Finally, he gave details of the latest work being done by UU at Blackburn where a system combining enzymic hydrolysis (EH) and 55ÚC pasteurisation has been in operation since January 2006. The system was commissioned as a six-tank EH system and converted to enhanced mode on January 16 on the final three tanks to give a pathogen-free product.
Keith Panter gave a wide-ranging paper on pre-treatment in anaerobic digestion. The focus was on modern two-stage processes that have been developed to maximise biogas production and some cases to increase dewaterability. He categorised the available treatment methods and their mechanisms. He then described the mechanisms for disintegration and hydrolysis and their subsequent effect on digestion and on extra-cellular polymer (ECP) that affects dewaterability; showing that heat treatment has the largest effect on dewaterability because of increased solubulisation of ECP.
Panter gave examples of disintegration systems including ball mills, ultrasound, lysing centrifuges and high-pressure homogenisers. Results from these systems have been promising but often variable. He then described combinations of acid phase digestion (APD) and thermophilic digestion. Data from all known TPAD published data showed average VS reduction of 52% and one UK APD systems only gets 45% VS reduction - possibly due to the need for some form of disintegration.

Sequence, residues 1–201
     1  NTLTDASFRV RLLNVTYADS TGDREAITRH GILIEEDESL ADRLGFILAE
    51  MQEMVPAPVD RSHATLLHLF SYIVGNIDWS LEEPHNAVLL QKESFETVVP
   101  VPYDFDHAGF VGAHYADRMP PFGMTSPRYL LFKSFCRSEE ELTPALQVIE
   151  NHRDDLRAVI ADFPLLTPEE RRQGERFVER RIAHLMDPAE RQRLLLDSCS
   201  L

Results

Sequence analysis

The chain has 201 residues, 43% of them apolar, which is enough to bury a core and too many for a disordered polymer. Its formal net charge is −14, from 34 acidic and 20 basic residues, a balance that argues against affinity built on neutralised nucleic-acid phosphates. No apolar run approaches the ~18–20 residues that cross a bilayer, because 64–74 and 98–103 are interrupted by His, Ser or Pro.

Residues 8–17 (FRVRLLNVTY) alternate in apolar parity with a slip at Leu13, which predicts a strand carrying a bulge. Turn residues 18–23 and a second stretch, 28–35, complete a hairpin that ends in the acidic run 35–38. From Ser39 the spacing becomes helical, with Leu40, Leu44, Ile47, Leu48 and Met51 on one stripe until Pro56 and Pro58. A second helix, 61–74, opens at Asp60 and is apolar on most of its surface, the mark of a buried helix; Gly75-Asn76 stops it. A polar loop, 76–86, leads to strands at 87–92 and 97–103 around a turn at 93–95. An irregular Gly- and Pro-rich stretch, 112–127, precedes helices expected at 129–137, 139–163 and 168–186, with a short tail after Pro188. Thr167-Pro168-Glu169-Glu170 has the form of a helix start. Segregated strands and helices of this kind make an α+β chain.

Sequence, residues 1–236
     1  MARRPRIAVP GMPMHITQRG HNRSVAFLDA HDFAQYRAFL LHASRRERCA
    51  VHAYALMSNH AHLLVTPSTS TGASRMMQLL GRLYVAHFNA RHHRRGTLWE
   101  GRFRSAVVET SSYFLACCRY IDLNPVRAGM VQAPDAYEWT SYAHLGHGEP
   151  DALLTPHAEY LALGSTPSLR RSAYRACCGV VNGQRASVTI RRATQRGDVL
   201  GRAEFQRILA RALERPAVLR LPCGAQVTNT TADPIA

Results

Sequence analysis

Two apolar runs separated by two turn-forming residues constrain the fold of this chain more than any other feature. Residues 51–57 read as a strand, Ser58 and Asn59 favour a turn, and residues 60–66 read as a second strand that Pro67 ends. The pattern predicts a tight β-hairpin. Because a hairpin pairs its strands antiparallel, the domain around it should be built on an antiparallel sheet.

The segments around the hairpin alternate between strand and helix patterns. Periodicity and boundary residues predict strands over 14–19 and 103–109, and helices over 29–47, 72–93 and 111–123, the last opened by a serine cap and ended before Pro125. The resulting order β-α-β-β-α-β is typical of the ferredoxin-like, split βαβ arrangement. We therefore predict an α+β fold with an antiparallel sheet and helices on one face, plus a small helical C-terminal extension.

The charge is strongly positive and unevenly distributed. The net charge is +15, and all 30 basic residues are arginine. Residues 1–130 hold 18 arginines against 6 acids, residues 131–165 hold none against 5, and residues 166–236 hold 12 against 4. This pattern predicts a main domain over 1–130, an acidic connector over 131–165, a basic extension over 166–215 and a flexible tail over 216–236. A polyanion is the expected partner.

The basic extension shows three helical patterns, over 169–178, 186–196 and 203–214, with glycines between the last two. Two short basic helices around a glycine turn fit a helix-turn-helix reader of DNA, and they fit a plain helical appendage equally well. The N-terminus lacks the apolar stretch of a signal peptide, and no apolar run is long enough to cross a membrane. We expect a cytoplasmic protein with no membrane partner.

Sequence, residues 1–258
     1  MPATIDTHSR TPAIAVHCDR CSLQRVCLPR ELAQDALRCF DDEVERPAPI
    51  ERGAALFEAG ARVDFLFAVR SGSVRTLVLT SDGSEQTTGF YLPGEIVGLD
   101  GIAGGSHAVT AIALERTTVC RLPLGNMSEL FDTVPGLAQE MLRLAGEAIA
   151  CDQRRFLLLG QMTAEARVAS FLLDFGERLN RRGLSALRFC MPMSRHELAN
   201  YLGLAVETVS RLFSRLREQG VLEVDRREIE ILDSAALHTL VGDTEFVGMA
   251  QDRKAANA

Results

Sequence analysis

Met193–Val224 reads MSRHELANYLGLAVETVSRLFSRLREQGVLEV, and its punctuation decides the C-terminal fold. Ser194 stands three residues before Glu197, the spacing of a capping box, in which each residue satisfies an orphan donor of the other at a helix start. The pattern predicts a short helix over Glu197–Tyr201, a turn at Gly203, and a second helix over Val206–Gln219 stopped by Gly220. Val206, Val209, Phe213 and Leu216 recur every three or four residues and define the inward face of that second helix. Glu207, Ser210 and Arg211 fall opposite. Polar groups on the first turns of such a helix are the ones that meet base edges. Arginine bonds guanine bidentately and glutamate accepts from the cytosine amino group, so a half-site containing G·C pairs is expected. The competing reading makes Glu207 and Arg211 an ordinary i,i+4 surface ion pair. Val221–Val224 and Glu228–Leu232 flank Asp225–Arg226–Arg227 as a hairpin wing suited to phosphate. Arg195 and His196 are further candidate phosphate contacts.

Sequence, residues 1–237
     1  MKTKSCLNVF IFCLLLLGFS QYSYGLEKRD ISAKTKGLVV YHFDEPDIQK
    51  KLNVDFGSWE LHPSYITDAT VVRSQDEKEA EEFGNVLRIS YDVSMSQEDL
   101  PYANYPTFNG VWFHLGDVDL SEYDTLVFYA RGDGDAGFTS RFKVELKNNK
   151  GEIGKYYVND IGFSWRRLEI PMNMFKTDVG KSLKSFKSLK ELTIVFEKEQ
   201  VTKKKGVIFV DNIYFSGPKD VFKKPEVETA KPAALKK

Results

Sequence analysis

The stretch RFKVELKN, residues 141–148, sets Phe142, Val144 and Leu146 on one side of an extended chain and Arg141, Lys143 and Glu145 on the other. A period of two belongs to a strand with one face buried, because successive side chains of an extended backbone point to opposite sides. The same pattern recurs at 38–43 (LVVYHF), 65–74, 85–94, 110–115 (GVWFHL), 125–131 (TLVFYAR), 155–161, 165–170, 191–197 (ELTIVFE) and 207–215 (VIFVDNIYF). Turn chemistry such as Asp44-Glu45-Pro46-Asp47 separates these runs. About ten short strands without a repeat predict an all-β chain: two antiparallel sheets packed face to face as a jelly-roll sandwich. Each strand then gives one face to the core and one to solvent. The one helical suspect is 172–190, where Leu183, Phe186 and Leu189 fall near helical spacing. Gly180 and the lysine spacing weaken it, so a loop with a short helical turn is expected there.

He showed data from two plants using Cambi Thermal Hydrolysis Process (THP). In this case, the special effect on dewaterability was demonstrated in a halving of cake volume at one plant digesting only SAS. The latest performance data from Chertsey WwTW was presented and shown in Table 1.